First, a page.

#25: Post by Tim M (original poster) replying to erik82 »

Okay I think you've sold me on one... Do you have experience with any other than the Strietman? Does anything else come close for thermal management that doesn't have steam attached?


#26: Post by erik82 »

As far as I know it's the only one except for some very old models which have major drawbacks. The Strietman is a one of a kind in todays market in terms of manual lever without a steaming ability and with superb temperature management. And it has a lot more shot volume then other manual levers.

I do have experience with machines like a La Pavoni and Cremina up to a Strega and Londinium.

Team HB

#27: Post by ira »

Tim M wrote:I want the Decent... I really do. I want to download someone else's profile and have a taste, I really do. I just don't want it for 10k...
I also fear getting stuck in the forums doing more reading and programming and less paid work. That being said, I'm jelly you have one and I hope you get bulk enjoyment from it.
I wish I could tell you that there's lots of discussion of profiles and experiments, maybe one day, but not so much any more. More customer service and requests for access to the decent forum and Discord. Right now there are 25 unread messages, not one has anything to do with making coffee. I probably represent a significant portion of the Decent owners, I found a profile I like and it makes coffee every morning I like and I've not messed with it in months. And probably even odder, I don't use it to make espresso as it makes excellent and very consistent pour over. It's not what I expected, but it consistently makes the best coffee I've had in a while. And the tea basket is killer as s the very short warm up time. With the steam turned off, it's a bit under 3 minutes, short enough I rarely even notice as by the time I get organized to make coffee, it's almost always already warm.

And as has been mentioned, the software tend towards being unfinished. Depending on your sensitivity to that you might not notice at all, or curse Decent for not getting it right and not fixing stuff that's clearly wrong(IMHO).

If you have time to wait, both the Oddesey and the Meticulous might be among the best choices for you with my choice being the Meticulous. But they have to start shipping. I saw both of them at the SCA show and was impressed but both the machines and the developers. The Meticulous will satisfy most of your Decent wants for a lot less money and a developer who seems more open to listening.

Tim M (original poster)

#28: Post by Tim M (original poster) »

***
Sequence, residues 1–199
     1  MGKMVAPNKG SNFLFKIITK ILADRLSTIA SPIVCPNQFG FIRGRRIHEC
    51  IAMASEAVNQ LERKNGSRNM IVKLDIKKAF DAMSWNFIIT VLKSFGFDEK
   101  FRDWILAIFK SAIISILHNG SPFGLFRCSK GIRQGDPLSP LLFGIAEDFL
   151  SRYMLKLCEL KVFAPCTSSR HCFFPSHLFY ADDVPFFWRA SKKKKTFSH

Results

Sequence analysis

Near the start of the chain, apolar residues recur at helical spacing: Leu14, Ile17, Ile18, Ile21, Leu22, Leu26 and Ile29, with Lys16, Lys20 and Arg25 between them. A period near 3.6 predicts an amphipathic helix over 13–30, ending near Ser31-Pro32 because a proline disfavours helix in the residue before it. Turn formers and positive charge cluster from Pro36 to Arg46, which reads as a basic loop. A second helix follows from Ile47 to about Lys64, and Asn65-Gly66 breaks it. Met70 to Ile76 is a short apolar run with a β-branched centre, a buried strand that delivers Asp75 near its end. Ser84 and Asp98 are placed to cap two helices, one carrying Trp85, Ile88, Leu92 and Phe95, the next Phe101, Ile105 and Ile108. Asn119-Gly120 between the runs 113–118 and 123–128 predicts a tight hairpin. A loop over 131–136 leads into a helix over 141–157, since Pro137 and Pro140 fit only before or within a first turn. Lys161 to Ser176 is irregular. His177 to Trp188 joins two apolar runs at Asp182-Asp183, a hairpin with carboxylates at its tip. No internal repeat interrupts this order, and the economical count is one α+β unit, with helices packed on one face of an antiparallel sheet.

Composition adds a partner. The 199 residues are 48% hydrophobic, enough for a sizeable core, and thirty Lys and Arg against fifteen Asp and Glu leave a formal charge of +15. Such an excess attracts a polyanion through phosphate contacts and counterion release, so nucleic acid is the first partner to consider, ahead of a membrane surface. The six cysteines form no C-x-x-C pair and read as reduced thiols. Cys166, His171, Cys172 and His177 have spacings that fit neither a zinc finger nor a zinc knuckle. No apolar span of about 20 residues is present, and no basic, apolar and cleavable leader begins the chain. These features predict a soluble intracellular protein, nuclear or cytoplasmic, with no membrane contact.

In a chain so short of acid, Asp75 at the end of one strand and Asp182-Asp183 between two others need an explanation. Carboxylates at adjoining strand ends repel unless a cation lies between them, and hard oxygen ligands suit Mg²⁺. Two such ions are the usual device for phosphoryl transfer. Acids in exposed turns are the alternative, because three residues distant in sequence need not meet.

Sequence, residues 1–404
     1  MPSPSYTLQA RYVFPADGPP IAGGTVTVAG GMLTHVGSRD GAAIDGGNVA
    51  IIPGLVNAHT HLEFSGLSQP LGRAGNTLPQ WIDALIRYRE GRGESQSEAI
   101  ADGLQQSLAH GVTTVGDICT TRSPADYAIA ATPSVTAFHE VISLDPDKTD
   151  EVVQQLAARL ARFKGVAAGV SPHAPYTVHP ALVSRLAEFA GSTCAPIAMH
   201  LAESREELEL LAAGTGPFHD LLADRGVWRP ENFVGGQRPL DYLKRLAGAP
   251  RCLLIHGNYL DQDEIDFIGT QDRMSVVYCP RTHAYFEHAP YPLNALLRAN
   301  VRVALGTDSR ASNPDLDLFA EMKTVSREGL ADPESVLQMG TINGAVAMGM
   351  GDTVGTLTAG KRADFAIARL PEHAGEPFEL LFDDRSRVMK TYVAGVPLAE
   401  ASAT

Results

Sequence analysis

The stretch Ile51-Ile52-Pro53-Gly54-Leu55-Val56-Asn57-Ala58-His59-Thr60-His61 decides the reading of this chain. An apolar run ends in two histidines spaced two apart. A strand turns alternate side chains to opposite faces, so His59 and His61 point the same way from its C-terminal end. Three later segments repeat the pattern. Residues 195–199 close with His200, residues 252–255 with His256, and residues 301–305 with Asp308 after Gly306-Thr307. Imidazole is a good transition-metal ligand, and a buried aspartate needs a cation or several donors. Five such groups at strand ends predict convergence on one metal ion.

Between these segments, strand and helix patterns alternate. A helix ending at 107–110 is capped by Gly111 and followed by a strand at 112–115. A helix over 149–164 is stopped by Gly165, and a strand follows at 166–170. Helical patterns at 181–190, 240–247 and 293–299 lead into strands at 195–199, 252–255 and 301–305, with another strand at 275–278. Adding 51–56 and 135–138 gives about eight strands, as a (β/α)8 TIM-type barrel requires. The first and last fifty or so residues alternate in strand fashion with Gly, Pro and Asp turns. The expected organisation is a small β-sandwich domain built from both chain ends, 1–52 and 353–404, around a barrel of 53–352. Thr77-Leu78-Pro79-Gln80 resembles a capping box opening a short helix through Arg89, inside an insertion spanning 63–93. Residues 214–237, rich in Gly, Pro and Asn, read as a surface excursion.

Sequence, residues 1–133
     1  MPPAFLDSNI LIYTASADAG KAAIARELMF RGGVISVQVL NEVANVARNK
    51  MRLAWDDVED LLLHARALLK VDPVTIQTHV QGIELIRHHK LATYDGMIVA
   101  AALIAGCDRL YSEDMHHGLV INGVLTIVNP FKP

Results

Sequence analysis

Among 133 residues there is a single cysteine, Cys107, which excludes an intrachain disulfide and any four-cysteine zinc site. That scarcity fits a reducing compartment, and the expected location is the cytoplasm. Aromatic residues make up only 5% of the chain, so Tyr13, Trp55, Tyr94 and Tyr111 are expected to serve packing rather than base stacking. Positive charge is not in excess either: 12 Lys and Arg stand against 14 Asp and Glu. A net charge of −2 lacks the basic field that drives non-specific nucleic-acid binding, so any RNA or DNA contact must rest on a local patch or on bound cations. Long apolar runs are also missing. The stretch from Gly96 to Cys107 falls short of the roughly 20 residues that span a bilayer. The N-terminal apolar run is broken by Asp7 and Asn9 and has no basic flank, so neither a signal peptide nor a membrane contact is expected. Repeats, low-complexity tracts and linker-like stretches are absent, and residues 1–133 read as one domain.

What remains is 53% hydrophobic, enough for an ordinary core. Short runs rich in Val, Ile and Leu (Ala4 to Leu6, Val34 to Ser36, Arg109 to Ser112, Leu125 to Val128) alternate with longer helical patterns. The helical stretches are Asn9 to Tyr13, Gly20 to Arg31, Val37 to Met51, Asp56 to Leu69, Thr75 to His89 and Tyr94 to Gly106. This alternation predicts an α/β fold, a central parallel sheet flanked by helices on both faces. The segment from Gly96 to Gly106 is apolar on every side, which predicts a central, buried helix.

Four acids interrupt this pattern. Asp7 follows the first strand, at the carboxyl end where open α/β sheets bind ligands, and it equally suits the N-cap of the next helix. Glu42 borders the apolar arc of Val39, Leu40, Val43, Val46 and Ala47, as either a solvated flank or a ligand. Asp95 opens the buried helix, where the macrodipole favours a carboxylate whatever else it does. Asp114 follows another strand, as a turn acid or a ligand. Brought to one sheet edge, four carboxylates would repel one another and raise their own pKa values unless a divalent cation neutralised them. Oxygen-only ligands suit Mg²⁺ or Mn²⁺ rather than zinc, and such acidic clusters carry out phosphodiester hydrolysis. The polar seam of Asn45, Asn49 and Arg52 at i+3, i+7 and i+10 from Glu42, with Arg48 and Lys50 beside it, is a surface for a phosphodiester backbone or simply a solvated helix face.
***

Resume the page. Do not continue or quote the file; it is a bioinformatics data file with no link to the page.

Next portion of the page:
Hello all,

In an effort to round out this discussion, provide closure and express some gratitude I thought I should update this thread.

Firstly, I should say that after some discussion with John from Decent I stand corrected, the Decent (for me) is not a 10k machine, it's about $6500 as my requirements are such that the Pro would fill them and my assumptions on the differences between the Pro and XXL were wrong. Thank you John for taking the time to engage with me.

I did a lot of reading about the suggestions that you all made, and I'm very grateful for the places to look and the various heads up because it quickly became obvious that what you read from marketing and what people who have used it say can be very different... and most importantly I think the realisation that depth of my ignorance when it comes to what I can taste the difference between is an abyss that can only be bridged with years of practical study.

So in the end...
I couldn't find a supplier for the Option-O P64 and I CBF waiting on an "approximate" timeline so I bought a Niche Zero.
I bought a Breville Dual Boiler, some VST baskets, a naked portafilter, a WDT and Black Mirror Nano scales.

I've been making shots that taste better than the cafe down the road so I'm considering it a win. Thanks to everyone who helped me out. I look forward to getting to a point I feel like I need something better, right now though I'm loving the speed and repeatability of what I have.




#29: Post by luvmy40 »

A solid set up! This will serve you well for many years. Please be sure to read through the several BDB threads and familiarize yourself with the maintenance requirements. There are not many or onerous in either time or $, but they are critical to keeping your BDB in good health.

I do see that Breville is still marketing the BDB, so maybe my information about it being discontinued was wrong?